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PAWN,

v. To deliver personal property to another in pledge, or as security for a debt or sum borrowed.

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PECIA

A piece or small quantity of ground. Parocli. Antiq. 240.

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P3DIS POSITIO

Lat In the civil and old English law. A putting or placing of the foot. A term used to denote the possession of lands by actual corporal entry upon them Waggoner v. Hastings, 5 l’a. 303.

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PELT-WOOL

The wool pulled off the skin or pelt of dead sheep. 8 Hen. VI. c. 22.

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PENSION

A stated allowance out o? the public treasury granted by government to an individual, or to his representatives, for his valuable services to the country, or in compensation for loss or damage sustained by him in the public service. Price v. Society for Savings, 64 Conn. 362, 30 Atl. 139, 42 Am. St. Rep. 198; Manning v. Spry, 121 Iowa, 191, 96 N. W. 873; Frisbie v. U. S

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PER CENT

An abbreviation of the Latin “per vent am,” meaning by the hundred, or so many parts in the hundred, or so many hundredths. See Blakeslee v. Mansfield. 00 111. App. 119; Code Va. 1S87,

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PER QUa: SERVITIA

Lat. A real action by which the grantee of a seigniory could compel the tenants of the grantor to attorn to himself. It was abolished by St 3 & 4 Wm. IV. c. 27, g 35.

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PERCA

A perch of land; sixteen and one-half feet. See PEIICH.

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PERFORM

To perform an obligation or contract is to execute, fulfill, or accomplish it according to its terms. Tills may consist either In action on the part of the person bound by the contract or in omission to act according to the nature of the subject-matter; but the term is usually applied to any action in discharge of a contract other than payment

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PERMIT

A license or instrument granted by the officers of excise, (or customs,) certifying that the duties on certain goods PERMIT 894 PERQUISITES have been paid, or secured, and permitting their removal from some specified place to another. Wharton. A written license or warrant, issued by a person in authority, empowering the grantee to do some act not forbidden by law, but not allowable without such authority.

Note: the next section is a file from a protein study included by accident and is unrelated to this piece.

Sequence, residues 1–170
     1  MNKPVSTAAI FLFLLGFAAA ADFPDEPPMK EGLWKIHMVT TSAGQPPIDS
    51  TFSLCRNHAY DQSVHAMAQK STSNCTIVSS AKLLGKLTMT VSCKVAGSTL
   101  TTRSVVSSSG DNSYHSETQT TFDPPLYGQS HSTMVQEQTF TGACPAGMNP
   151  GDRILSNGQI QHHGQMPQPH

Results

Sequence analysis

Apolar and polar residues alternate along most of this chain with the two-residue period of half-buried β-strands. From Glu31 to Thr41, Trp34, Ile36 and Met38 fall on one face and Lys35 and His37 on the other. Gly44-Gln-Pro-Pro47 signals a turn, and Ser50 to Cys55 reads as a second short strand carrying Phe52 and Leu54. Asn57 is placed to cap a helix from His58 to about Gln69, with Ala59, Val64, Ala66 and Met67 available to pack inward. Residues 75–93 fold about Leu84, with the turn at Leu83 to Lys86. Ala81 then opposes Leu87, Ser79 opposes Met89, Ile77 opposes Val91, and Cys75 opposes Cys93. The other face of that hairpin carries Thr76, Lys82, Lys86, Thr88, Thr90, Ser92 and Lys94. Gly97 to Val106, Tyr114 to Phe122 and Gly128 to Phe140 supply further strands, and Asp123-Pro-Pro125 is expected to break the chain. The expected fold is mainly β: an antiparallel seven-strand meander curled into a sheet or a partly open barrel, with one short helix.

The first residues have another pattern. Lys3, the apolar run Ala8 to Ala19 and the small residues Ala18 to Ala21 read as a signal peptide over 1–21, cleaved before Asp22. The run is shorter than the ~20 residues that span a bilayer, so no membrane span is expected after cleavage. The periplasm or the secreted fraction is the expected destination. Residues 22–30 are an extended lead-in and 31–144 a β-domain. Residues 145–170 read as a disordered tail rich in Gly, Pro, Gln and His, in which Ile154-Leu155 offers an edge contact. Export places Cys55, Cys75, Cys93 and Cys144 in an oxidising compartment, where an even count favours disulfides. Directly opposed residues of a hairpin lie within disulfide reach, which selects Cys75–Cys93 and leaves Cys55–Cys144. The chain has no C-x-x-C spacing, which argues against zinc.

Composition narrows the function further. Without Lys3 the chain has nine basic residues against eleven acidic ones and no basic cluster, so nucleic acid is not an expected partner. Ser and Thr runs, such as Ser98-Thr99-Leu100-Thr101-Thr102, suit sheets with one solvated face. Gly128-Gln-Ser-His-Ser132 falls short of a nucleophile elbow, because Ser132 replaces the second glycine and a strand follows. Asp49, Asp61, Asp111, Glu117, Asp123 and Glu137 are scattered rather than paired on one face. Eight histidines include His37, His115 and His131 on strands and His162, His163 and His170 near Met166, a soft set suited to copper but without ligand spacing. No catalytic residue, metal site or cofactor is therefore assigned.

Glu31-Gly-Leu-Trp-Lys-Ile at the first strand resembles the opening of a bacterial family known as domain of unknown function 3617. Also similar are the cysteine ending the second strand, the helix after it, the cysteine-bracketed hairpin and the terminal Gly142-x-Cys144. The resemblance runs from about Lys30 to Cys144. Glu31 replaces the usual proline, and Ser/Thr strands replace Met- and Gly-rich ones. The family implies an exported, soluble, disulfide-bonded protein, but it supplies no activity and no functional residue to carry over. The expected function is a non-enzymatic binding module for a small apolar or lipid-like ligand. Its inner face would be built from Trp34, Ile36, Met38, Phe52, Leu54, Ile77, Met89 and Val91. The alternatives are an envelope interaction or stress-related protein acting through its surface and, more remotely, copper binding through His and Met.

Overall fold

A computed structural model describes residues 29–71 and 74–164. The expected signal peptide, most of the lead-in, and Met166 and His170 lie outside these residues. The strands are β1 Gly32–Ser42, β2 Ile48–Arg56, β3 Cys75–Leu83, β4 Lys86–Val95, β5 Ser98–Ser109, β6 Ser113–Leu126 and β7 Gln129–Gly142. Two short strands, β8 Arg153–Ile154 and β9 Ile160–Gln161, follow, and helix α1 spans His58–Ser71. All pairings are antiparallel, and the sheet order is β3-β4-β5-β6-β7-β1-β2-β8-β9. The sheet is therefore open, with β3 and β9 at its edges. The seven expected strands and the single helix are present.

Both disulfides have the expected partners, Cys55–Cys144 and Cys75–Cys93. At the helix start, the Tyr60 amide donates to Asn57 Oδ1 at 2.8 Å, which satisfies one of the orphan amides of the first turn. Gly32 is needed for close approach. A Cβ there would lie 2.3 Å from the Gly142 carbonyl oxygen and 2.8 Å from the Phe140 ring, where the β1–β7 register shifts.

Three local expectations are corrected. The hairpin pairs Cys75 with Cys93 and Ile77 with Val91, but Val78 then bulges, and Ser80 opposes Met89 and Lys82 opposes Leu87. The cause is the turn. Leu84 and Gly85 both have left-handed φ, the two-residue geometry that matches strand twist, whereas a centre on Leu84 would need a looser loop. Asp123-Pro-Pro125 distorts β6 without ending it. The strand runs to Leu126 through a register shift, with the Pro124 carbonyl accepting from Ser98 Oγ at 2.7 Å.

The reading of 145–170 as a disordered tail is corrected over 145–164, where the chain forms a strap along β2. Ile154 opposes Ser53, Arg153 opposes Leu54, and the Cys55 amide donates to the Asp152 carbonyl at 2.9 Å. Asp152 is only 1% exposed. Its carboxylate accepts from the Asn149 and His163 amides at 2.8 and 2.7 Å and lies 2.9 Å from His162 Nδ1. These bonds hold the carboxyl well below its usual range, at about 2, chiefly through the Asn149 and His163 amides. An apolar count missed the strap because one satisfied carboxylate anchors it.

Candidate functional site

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PERSONA

Lat. In the civil law. Character, in virtue of which certain rights belong to a man and certain duties are im- posed upon him. Thus one man may unite many characters, (persona;,) as, for example, the characters of father and son, of master and servant. Mackeld. Bom. Law,

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PERTINENTS

In Scotch law. Appurtenances. “Parts and pertinents” are formal words in old deeds and charters. 1 Forb. Inst pt. 2, pp. 112, 118.

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PETRA

A stone weight. Cowell.

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PICKETING,

by members of a trade union on strike, consists in posting members PICKLE 899 PIN-MONEY at all the approaches to the works struck against, for the purpose of observing and re- porting the workmen going to or coming from the works, and of using such influence as may be in their power to prevent the workmen from accepting work there. See Beck v. Railway Teamsters’ Protective Union, 118 Mich. 497, 77 N. V. 13, 42 L. It. A. 407, 74 Am. St. Rep. 421; Cumberland Glass Mfg. Co. v. Glass Bottle Blowers’ Ass’n, 59 N. J. Eq. 49, 40 Atl. 208.

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PILOTAGE AUTHORITIES

In English law. Boards of commissioners appointed and authorized for the regulation and appointment of pilots, each board having jurisdiction within a prescribed district.

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PITCHING-PENCE

In old English law. Money, commonly a penny, paid for pitching or setting down every bag of corn or pack of goods in a fair or market. Cowel

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PLACITUM NOMINATUM

The day appointed for a criminal to appear and plead and make his defense. Cowell.

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PLEADED

Alleged or averred, in form, iu a judicial proceeding. It more often refers to matter of defense, but not invariably. To say that matter in a declaration or replication is not well pleaded would not be deemed erroneous. Abbott

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PLEGIABILIS

In old English law. That may be pledged; the subject of pledge or security. Fleta, lib. 1, c. 20,

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PLOW-MONDAY

The Monday after twelfth-day.

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